Patents are sometimes injured when a medical practitioner does or fails to do something he or she should reasonably have done or not done which falls below the acceptable standard of care. The patient may then have a claim for medical malpractice, which is a form of an area of law known as negligence. Usually, this medical practitioner is a physician, but anyone in the medical field may also commit negligence and be held responsible, including nurses, nurse practitioners, therapists, dentists, and dental assistants.
Between 15,000 and 19,000 cases are brought each year against medical practitioners in the United States, and payouts due to these cases average about $234,000.00. Approximately 195,000 people are injured or killed each year due to medical malpractice, and unfortunately many of these claims are not pursued. Negligence law is part of a broader category called tort law, which is controlled by each state’s legislative code and court decisions. Therefore details may differ from state to state. However, certain core concepts remain true and broad generalizations can be made about negligence law and medical malpractice.
Who can sue, and who can they sue?
Of course, the injured person may bring a case on their own behalf and file suit as the plaintiff. If that injured person is still alive but is too incapacitated due to injury or minority to bring their own claim, a parent, guardian, or possibly power of attorney may pursue the claim on the injured person’s behalf. If the patient died, the Administrator or Executor may bring a wrongful death suit, and the spouses and children and other dependents have their own claims for the financial and emotional losses suffered due to the death.
The defendant in these cases is the medical practitioner who did something or failed to do something which did not meet the standard of care and caused injury to the plaintiff. Unfortunately for nurses, nurse practitioners, and other medical personnel supervised by other medical practitioners like doctors, following orders does not guarantee that they cannot be sued. This often puts those employees in difficult positions. Sometimes they must choose between what they think is right and keeping their jobs. All of this does not mean that everything a medical does or fails to do that causes injury is actionable in a court of law. Each case must meet a certain number of elements to produce a recovery for the plaintiff.
Required Elements of a Medical Malpractice Case
In order to recover damages, or reimbursement for wrongs done, a plaintiff must prove four elements that are based in negligence law. The four elements are duty, breach of that duty, the breach caused injury, and the injury, which is also known as damage, actually exists.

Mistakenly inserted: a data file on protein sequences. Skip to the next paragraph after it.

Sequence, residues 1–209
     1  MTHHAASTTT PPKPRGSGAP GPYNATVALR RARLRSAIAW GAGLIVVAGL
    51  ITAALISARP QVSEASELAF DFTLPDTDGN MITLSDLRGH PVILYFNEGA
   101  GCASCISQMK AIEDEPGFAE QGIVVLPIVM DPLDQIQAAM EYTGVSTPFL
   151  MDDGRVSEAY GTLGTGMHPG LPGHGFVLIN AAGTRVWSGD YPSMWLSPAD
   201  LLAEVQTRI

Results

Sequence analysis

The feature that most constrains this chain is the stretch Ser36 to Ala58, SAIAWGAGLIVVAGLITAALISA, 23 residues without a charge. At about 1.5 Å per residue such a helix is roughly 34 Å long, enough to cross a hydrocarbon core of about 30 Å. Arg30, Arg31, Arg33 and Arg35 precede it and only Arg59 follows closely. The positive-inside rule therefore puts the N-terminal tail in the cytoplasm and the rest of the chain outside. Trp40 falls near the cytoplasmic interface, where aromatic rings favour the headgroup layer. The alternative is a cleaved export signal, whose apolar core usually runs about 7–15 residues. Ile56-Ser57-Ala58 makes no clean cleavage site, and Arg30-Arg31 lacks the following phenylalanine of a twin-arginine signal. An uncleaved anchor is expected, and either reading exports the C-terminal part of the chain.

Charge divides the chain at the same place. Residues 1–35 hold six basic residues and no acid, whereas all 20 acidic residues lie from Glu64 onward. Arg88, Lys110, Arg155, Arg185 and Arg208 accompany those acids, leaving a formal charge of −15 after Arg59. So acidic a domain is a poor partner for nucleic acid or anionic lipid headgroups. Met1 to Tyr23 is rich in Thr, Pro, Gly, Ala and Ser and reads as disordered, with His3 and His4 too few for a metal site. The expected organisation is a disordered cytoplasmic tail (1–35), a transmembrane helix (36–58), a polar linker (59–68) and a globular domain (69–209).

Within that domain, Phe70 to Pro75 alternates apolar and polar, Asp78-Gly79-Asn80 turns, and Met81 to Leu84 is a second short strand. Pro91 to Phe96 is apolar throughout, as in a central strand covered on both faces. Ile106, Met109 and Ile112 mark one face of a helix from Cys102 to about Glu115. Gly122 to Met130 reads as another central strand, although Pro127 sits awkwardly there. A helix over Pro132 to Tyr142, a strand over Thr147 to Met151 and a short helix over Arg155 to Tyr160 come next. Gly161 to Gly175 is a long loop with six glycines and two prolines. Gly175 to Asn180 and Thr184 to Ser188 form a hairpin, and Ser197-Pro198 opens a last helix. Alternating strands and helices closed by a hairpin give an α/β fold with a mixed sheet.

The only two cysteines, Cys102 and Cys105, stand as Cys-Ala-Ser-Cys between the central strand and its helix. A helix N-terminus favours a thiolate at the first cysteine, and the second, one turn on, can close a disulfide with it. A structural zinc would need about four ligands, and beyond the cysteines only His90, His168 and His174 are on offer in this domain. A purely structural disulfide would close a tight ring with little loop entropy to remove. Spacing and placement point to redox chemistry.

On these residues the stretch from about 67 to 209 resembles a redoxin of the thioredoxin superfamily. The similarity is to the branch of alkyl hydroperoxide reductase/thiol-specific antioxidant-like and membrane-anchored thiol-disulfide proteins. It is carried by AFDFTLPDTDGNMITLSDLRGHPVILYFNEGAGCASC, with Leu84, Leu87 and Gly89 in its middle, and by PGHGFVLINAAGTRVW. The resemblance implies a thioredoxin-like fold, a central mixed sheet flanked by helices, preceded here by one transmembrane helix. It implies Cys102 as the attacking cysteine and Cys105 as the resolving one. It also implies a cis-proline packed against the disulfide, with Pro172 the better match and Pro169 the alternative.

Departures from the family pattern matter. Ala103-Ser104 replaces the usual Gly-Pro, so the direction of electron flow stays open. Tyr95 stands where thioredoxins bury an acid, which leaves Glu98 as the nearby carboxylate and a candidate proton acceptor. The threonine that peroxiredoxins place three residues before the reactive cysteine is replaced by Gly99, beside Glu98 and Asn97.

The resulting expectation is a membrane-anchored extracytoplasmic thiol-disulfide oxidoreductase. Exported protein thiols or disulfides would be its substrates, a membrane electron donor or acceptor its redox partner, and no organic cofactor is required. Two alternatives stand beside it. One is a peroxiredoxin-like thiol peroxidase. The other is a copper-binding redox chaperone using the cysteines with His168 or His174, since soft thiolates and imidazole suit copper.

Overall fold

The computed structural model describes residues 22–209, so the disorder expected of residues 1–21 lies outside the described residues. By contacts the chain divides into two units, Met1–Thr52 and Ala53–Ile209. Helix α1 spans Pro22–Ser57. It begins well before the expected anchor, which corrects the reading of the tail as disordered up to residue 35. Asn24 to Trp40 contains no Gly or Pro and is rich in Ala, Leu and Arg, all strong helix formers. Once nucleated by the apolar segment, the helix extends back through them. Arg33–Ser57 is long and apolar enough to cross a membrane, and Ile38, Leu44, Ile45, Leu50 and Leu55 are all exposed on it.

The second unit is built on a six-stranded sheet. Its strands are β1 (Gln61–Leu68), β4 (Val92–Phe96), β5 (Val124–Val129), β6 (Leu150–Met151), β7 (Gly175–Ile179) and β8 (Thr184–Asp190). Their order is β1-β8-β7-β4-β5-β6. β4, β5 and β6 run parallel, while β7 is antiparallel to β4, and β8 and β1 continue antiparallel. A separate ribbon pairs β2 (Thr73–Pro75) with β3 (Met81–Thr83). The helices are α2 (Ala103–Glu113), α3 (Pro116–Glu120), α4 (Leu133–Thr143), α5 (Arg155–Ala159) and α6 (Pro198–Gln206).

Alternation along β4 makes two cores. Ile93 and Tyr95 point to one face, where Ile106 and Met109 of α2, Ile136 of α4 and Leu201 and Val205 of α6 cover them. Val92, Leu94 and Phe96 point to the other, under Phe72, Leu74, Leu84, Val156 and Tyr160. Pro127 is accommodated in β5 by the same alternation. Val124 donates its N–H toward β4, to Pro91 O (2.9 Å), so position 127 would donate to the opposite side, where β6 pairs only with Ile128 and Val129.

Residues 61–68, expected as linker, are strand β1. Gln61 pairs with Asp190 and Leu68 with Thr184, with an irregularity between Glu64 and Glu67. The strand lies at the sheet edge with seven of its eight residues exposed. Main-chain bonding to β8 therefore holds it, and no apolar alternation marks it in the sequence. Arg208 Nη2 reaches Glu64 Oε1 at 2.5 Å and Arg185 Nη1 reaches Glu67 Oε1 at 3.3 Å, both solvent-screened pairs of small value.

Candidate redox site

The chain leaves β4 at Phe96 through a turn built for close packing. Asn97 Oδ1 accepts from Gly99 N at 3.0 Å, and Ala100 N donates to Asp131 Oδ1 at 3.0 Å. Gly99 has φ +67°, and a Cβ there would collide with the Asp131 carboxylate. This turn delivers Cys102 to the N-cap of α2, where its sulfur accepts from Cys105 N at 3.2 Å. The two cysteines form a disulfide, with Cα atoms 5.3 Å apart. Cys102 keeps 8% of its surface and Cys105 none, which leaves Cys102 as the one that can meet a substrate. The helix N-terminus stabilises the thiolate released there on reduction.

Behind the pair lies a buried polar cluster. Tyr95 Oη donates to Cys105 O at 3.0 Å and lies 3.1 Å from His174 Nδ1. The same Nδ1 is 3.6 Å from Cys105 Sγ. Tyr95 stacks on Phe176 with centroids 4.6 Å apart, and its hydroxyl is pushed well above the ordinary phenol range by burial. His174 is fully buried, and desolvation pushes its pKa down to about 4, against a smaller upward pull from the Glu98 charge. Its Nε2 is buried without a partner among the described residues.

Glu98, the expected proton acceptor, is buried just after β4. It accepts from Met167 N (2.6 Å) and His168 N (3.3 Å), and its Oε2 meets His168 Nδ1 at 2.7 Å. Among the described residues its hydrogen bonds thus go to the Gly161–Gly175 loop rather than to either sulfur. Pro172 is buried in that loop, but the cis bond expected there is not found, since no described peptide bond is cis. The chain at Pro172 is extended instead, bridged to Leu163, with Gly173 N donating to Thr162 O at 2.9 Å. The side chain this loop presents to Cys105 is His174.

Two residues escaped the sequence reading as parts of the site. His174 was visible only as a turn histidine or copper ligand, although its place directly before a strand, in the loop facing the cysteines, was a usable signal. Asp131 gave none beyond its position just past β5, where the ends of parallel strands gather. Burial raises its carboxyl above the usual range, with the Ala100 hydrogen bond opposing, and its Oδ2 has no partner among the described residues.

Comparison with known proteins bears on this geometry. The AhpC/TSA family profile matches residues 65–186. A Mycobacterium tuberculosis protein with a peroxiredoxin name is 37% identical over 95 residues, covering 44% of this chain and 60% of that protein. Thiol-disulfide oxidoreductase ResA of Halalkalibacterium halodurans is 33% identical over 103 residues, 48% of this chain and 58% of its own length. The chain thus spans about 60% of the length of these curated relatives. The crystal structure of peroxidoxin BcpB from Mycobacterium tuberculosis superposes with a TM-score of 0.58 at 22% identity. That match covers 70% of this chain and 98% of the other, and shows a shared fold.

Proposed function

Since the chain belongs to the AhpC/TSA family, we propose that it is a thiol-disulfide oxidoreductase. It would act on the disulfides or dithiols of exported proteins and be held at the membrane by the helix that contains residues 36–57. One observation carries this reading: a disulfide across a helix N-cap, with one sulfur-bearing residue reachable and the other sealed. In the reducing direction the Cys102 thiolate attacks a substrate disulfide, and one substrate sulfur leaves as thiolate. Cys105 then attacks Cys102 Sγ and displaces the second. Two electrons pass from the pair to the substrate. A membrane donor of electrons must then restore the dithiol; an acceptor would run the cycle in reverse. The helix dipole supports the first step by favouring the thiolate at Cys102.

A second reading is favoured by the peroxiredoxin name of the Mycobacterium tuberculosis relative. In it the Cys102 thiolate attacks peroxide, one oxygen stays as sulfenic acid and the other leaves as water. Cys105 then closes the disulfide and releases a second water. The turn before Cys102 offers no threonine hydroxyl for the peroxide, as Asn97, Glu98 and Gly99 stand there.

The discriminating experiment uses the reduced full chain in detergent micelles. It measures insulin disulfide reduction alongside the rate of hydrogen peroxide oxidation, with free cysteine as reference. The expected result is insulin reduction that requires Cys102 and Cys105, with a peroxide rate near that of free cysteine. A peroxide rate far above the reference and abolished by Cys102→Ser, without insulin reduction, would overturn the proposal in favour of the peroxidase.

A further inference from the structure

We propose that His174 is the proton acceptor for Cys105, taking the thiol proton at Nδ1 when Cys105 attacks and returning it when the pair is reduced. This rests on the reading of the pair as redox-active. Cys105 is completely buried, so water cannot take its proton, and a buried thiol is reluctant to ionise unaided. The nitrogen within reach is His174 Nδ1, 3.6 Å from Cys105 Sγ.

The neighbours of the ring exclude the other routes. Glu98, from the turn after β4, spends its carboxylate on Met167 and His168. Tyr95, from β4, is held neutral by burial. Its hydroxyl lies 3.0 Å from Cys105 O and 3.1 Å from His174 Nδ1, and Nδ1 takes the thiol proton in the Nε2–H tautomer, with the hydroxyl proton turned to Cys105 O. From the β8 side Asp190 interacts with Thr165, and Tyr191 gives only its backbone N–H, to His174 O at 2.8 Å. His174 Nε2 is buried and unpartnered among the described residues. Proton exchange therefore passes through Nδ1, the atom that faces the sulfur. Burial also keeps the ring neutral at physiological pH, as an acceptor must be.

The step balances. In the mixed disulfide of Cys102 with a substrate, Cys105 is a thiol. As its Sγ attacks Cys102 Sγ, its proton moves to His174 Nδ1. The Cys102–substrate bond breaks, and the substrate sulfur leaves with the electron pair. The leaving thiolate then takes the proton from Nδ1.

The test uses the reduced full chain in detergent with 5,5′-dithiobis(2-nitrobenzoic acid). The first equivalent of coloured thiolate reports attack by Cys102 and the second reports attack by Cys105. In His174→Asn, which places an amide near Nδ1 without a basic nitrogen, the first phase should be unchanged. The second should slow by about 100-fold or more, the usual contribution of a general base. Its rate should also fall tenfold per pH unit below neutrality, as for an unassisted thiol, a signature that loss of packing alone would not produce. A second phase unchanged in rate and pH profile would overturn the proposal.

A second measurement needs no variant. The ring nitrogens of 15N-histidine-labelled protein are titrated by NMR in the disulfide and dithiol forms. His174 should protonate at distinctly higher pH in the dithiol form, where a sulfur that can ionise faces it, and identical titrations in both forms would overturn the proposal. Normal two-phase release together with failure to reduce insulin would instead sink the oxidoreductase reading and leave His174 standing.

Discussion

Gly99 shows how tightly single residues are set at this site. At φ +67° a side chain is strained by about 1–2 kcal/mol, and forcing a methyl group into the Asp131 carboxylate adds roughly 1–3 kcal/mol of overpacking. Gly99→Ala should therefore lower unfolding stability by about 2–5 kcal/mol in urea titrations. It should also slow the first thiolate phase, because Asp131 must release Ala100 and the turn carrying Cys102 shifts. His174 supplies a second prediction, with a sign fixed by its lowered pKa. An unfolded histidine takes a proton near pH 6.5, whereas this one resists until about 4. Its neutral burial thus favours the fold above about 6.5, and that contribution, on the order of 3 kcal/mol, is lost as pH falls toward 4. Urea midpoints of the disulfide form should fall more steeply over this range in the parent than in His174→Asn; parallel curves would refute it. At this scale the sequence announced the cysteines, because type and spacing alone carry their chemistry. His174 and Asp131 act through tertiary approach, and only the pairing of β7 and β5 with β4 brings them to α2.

- DUTY: the plaintiff must prove that the medical practitioner took on a duty to care for the patient which is generally easy to prove in a medical malpractice case.
- BREACH: next, the plaintiff must prove that the medical practitioner breached the duty owed to the plaintiff. This is the second-most difficult element to prove, because the plaintiff must show that the defendant did not meet the standard of care owed to the plaintiff. Therefore, the plaintiff must establish what constitutes the standard of care and prove that the defendant did not meet his duty.
- CAUSATION: this is the most difficult element to prove. The plaintiff must establish that what the defendant did or failed to do caused harm to the plaintiff. In some cases this is easy, such as when a surgeon accidentally leaves a surgical pad inside the plaintiff when closing up after surgery. Sometimes it is more difficult, as when a doctor prescribes chemotherapy at a strength that later causes cancer.
- HARM: if a plaintiff is bringing a claim, they have usually suffered harm and it is not difficult to prove. As mentioned before, the most difficult part is proving that the defendant’s breach caused this harm.In order to prove these elements, often plaintiffs and their attorneys must bring in expert witnesses. The Rules of Evidence require that anything that is technical, scientific, or not easily understood by lay persons in the jury must be explained by an expert witness. The expert witness must be qualified by the court as an expert in their field. In addition to these elements and required expert testimony, the plaintiff must show that the claim has not expired by waiting too long since the discovery of the injury to bring the claim to the court.
Types of Medical Malpractice
The range of medical malpractice is as wide as the medical profession. Because hundreds of thousands of medical malpractice cases have been decided on court, rules about the specific types have coalesced and general rules developed. Many attorneys who specialize in medical malpractice further specialize in categories of medical illness, and thus are more experienced at quickly distilling the relevant facts to prove the case.